The Zoom Lebron IV picks up right where the Zoom Lebron III left off. For those who didn’t like the restrictive feel of the Zoom Lebron III but didn’t mind the weight, you should definitely give the Zoom Lebron IV a try. The Zoom Lebron IV’s foamposite upper and phylon wrap protect the foot as the Zoom Lebron III did but it takes everything to the next level. The combination of support and responsiveness is unmatched by any shoe, but so is the weight (well maybe there are some Timberlands that may come close in the weight department). If weight is your number one concern when buying a new basketball shoe, forget about the Zoom Lebron IV. After wearing the Zoom Lebron IV for two hours of full-court basketball and then putting on my 2K5 beaters after, you really notice the weight. Although weight is a major flaw of the shoe, it may be one of the only major flaws. Like the Cleveland Cavaliers have built their team around Lebron James, the Zoom Lebron IV is definitely something Nike can build on. This shoe would be a great shoe for bigger guards, forwards and centers to play in despite its weight.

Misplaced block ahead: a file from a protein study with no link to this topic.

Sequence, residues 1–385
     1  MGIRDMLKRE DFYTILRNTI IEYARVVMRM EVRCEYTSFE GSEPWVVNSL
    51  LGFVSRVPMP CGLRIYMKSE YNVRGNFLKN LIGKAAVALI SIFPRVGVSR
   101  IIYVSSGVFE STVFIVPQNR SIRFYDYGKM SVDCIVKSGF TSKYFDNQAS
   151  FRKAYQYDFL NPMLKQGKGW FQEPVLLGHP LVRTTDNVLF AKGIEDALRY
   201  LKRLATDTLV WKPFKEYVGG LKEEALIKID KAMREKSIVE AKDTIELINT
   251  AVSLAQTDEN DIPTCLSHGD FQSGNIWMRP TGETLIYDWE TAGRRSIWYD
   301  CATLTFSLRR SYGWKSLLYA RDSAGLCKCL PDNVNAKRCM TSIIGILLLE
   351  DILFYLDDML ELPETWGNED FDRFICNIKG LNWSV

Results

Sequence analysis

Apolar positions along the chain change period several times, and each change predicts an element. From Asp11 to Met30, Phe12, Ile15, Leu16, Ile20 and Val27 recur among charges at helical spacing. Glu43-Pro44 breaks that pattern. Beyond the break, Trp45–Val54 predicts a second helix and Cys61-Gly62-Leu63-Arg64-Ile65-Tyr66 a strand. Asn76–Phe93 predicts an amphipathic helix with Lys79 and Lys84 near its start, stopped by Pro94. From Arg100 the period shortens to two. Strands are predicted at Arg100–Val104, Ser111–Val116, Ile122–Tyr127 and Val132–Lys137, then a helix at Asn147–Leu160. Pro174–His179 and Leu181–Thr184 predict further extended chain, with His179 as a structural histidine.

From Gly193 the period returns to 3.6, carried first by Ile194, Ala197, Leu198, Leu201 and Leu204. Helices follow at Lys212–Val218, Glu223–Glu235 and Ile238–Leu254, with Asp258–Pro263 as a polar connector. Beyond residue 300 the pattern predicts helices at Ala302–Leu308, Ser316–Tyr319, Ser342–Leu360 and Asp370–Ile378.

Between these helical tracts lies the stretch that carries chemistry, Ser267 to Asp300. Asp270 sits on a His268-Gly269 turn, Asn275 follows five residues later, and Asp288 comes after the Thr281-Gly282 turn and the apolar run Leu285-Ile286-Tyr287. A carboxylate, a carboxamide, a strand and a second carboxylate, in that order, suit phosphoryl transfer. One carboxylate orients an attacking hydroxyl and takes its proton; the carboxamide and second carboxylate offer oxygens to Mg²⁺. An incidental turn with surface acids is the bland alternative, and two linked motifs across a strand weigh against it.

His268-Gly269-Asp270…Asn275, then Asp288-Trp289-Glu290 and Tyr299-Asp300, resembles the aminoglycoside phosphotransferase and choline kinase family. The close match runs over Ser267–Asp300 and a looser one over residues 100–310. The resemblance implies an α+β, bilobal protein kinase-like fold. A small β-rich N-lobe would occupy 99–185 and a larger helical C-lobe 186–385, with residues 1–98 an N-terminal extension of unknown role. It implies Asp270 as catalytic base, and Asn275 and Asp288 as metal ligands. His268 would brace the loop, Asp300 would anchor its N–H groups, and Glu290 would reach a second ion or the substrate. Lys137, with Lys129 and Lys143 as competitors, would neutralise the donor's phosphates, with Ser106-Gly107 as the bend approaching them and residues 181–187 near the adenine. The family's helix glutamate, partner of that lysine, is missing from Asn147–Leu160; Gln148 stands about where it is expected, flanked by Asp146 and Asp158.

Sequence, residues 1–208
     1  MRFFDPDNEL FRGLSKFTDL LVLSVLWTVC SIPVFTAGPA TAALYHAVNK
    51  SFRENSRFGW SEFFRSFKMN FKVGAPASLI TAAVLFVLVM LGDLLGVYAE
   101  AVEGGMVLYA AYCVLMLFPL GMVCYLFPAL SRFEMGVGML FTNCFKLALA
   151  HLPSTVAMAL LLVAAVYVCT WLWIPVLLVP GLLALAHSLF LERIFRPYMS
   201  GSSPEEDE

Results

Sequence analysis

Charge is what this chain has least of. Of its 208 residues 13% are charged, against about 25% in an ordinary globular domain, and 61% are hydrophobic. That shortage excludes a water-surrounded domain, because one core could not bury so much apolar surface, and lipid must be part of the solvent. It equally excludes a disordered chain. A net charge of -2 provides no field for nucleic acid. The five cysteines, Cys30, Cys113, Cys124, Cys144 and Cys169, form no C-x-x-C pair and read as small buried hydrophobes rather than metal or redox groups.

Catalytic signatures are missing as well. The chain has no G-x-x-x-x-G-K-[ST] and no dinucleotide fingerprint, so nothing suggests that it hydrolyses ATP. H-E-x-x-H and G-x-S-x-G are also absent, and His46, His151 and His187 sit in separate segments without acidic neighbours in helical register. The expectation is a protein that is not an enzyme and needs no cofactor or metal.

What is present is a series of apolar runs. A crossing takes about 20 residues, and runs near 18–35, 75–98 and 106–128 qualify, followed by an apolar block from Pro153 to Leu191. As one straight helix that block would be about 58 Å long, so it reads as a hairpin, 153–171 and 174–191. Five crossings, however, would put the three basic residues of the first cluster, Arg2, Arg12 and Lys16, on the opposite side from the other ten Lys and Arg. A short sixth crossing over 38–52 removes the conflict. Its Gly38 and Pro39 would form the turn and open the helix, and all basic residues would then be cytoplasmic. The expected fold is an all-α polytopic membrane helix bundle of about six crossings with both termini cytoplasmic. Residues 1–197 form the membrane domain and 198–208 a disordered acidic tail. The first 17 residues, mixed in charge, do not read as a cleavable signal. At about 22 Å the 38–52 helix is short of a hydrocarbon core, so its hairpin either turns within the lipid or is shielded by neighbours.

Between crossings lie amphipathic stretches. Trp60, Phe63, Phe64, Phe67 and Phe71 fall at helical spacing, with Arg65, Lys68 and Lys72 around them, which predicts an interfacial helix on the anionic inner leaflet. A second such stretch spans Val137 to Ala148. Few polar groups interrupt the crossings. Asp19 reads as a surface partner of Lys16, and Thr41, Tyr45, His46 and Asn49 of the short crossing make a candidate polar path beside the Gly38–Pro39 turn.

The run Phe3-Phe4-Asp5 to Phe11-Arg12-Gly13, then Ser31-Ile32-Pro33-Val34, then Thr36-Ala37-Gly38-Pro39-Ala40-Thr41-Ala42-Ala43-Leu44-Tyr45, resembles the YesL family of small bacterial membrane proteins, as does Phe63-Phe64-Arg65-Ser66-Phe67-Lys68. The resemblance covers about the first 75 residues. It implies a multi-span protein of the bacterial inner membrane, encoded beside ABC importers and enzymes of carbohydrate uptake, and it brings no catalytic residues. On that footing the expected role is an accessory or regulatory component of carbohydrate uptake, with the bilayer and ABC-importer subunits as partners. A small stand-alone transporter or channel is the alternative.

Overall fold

by Storm Ryder.

NikeLeBron.net Breakdown

Comfort & Fit: 9.5
Cushioning: 10
Traction: 9
Stability: 9.5
Ankle support: 10
Weight: 6.5
Durability: 9
Ventilation: 8.5
Overall: 9